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					Scenario Planning | Workshop Plan:

Test Options
Workshop Outline
Welcome and introduction (15 mins)

Define test criteria OR Introduce a previously-determined list of criteria (15 mins – 1 hour)

Group assess priority list (based on their personal or professional priorities) (15 mins)

Discussion on biggest differences to come up with a joint list (30 mins)
Tips and alternatives for Facilitator –
        No plenary introduction but discussions in subgroups (12 people maximum). This will only work if
         the groups have a facilitator who knows the scenarios and understands the criteria.
        A short concentration and creativity exercise (could be based on a scenario-characteristic
         consumer, representative of the organisation, an employer) as an introduction to a scenario-
         specific priority list (participants vote from the perspective of that characteristic person).
        (Option) Clarify special options or strategic choices (in subgroup):
              o   Short plenary introduction on strategic choices
              o   Clarifying, specifying strategic choices. All choices in „or… or‟ form. Give a clear
                  definition of the choice. Be as concrete and specific as possible.

Test new or existing options (1½ hours)

     Introduce and prioritise options to be tested (30 mins)
     e.g. “In 2020 the management team (sector, government) looks back at the decisions made in 2007.
     How will we evaluate this strategy in 2020 from the perspective of the Global Market?”
     Guiding questions can help. For example:
     o   Did the expected positive effects come through?
     o   Do we see unexpected negative side effects?
     o What would we do differently from the perspective of this scenario? Would we reject this policy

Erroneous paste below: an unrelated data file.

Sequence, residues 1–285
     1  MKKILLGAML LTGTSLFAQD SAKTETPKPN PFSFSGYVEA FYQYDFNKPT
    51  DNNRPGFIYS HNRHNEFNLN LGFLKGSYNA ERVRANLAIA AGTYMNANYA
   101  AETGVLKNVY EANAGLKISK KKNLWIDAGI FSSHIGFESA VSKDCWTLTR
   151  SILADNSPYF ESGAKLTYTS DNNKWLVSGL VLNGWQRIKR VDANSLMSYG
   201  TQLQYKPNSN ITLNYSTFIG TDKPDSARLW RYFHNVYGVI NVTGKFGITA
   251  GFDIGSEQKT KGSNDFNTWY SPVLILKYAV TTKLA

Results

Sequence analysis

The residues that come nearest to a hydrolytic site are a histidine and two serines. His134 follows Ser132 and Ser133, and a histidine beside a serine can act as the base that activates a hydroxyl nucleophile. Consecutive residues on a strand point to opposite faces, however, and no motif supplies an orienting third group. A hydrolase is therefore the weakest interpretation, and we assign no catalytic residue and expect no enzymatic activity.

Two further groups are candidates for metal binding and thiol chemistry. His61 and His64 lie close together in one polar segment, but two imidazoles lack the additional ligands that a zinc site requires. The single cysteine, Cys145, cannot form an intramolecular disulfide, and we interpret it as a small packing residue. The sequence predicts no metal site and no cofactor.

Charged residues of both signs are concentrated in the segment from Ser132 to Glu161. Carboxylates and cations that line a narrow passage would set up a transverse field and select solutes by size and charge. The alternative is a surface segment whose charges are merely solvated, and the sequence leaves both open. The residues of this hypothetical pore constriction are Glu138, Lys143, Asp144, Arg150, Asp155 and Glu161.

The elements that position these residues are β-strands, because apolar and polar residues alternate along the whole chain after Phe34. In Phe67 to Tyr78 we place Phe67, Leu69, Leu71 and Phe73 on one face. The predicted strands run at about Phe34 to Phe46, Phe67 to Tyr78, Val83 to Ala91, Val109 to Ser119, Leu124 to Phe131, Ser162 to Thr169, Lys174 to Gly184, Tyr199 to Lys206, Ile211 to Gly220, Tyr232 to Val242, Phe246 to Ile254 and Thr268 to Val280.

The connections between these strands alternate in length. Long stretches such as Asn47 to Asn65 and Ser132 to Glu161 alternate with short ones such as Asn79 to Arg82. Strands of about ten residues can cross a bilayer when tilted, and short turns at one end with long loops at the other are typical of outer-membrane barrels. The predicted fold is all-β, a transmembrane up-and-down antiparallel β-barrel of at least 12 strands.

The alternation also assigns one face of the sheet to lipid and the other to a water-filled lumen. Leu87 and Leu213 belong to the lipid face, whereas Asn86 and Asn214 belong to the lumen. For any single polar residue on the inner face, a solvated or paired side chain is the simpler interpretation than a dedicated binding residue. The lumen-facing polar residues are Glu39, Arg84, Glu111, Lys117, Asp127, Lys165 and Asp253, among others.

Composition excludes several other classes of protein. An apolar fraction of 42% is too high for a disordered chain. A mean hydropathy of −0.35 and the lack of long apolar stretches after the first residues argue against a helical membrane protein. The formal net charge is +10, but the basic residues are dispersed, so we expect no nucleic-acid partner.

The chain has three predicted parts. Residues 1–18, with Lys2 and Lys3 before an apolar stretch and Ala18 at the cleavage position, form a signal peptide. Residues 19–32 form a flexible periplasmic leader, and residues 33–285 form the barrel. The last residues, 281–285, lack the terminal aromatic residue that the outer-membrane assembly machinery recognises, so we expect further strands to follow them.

totally? Or would we suggest some adjustment, and if so what would the adjustment be?

     Test options (30 mins)

     In plenary or in subgroups (each subgroup working with separate options) using the Option Matrix.

     The results: a flip chart with a completed Option Matrix and at least 3 to 5 bullets explaining the score.

     Tips and alternatives for Facilitator –
        Test one option in the plenary if the process is new for the group or if you want to create a common
         understanding of the process or the interpretation of the scale used in the matrix. This plenary
         testing will take 15 to 30 minutes.
     Generic guiding questions:
        Is the strategy or goal still valid according to different stakeholders in this world?
        Is the defined result realistic, feasible?
        Do we have to execute all planned activities (or are there activities that did not contribute to the goal
         or where other parties executed alternative actions)?

     (Option) Repeat the testing process (30 mins)



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Wrap-Up: Conclusions and recommendations (30 mins – 1 hour)

        Short plenary, wrap up on main new insights and main weak points, flaws.
        Are there aspects of the scenario our new portfolio cannot deal with? If so organise a brainstorm to
         make plans for this situation, but only start executing if this scenario becomes a reality (e.g. Shell
         and the oil crisis).

      Brainstorm to identify potential Early Warning events that might indicate this unwished for future
         development is going to happen.

Close




Aims
To produce some robust options, ideally within three or even four scenarios. The testing process is
an iterative process, use it to fine-tune (“wind-tunnel”) the options and ideas. Ideally use the
process to get a better understanding of the way in which the ideas can be further developed or
implemented.


Outputs
1. For all options, a flip chart with the Option Matrix using the following scale:

         --       this will have major negative consequences in this scenario;

         -        this will have negative consequences in this scenario;

         0        this will have no consequences (positive and negative effects will balance);

         +        this will have positive consequences in this scenario;

         ++       this will have major positive consequences in this scenario.


2. Summary debate of the score for each scenario - 3-5 bullets on:
        Why?
        Where? (Customer group, work process, specific institution, specific course, etc).
        How? (Qualitative indication of impact).
3. An improved definition of the best options.
4. Recommendations (optional) with regard to potential activities to be prepared for a scenario
   with a weak portfolio. Activities we make plans for, but only start executing if this scenario
   becomes a reality (e.g. Shell and the 1973 oil crisis).